Former Congressional Aide Katherine Ashworth Brandt hopes an initiative she started will help Muslims enjoy a more comfortable fasting month in D.C. this year. Under Dine After Dark, she urges the capital’s restaurants to extend working hours to accommodate them.
“I want this to be a common business practice,” Brandt, 34, told Religion News Service.
On May 5, observant Muslims will start abstaining from food day-long on the occasion of Ramadan, a month of special prayers. Participating restaurants will open around 4:00 a.m. for “suhoor” meal before the start of daily fasting period. They will also close about two hours after sunset to offer fast-breaking “iftar” meals.
Businesses to benefit, as well
Brandt believes businesses will enjoy serving to higher number of customers but are not fully aware of the potential now. “I think the first step is making business owners realize that there is a market for this,” she added. According to the Public Religion Research Institute, however, Muslims only comprise around three percent of Washington’s population.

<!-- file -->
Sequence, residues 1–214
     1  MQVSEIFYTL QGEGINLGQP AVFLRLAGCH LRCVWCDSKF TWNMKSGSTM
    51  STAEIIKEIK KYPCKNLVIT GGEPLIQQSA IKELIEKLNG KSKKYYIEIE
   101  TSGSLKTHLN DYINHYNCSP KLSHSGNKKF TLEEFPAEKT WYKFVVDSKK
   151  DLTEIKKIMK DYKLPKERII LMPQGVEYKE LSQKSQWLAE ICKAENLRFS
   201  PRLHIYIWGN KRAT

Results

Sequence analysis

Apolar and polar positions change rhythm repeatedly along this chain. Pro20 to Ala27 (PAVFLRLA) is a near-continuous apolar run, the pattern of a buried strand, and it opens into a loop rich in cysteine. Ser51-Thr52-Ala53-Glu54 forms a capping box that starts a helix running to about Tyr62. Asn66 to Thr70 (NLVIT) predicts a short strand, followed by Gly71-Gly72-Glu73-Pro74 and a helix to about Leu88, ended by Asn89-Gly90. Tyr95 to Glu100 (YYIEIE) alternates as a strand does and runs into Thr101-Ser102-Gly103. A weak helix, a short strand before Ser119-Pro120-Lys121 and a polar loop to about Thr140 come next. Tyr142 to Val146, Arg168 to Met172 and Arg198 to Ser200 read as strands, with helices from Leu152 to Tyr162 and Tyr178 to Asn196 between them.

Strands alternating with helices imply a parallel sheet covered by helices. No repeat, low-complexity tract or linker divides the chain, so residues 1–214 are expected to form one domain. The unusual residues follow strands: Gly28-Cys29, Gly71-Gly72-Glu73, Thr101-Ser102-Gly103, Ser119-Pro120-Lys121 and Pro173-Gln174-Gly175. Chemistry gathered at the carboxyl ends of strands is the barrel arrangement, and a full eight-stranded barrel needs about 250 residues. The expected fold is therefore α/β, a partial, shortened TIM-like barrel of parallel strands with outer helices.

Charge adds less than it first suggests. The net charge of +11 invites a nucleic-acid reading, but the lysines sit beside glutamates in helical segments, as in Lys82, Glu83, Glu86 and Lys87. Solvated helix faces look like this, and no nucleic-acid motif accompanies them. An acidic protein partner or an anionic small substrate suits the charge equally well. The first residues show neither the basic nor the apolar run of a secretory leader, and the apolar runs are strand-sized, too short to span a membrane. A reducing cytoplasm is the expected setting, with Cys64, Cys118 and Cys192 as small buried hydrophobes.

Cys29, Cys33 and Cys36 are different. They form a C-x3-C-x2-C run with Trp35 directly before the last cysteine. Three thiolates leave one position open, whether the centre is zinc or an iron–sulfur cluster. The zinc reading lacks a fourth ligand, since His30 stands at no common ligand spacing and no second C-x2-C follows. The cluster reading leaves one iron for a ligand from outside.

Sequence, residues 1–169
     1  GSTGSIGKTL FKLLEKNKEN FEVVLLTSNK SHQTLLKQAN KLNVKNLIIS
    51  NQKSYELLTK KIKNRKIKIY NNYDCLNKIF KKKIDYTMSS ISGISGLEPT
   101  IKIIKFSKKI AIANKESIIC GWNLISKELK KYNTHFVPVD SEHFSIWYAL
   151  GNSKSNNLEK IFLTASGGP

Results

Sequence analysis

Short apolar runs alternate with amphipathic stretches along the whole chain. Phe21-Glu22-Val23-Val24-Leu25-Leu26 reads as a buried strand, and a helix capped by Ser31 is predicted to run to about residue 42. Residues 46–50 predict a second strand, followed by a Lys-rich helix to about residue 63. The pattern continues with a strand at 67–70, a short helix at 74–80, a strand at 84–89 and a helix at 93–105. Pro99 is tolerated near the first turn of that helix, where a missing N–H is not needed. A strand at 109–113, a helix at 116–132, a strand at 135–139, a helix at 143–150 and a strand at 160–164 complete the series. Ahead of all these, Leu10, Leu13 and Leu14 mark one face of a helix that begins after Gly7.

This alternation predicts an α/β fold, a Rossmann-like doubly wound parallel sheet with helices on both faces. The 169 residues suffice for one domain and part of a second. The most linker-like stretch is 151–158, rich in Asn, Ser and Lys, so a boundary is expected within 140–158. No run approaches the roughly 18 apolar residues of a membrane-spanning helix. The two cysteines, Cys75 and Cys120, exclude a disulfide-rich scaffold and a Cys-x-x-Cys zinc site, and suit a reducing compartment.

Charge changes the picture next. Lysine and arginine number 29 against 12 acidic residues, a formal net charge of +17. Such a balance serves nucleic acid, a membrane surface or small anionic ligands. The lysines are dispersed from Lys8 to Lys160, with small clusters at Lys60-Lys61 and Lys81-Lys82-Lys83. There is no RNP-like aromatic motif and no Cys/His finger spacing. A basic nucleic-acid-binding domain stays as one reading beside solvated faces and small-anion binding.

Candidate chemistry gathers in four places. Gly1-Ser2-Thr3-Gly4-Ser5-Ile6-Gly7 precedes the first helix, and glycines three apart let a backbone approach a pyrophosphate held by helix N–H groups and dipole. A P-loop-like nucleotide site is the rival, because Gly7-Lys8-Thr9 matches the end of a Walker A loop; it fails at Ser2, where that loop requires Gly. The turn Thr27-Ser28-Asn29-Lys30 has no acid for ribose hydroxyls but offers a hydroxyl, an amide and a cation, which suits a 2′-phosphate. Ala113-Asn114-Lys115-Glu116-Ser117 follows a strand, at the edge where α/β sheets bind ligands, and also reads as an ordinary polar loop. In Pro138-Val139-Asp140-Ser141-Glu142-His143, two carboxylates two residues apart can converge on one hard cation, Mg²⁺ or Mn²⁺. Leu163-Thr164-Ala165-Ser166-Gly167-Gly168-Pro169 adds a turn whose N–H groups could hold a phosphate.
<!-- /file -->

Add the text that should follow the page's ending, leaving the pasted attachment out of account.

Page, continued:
Local nonprofit Martha’s Table was the first organization to sign up to the initiative. In addition, it will also operate an “Iftar Car” and distribute 50 free meals to Muslim residents at several locations between 8:00 and 8:30 p.m. during Ramadan. They have been serving food to those in need in Washington from their mobile food trucks.
“All of us need to be more considerate of other people’s traditions and holidays. It’s an important time to be with friends and family and reflect on your values,” said Brandt.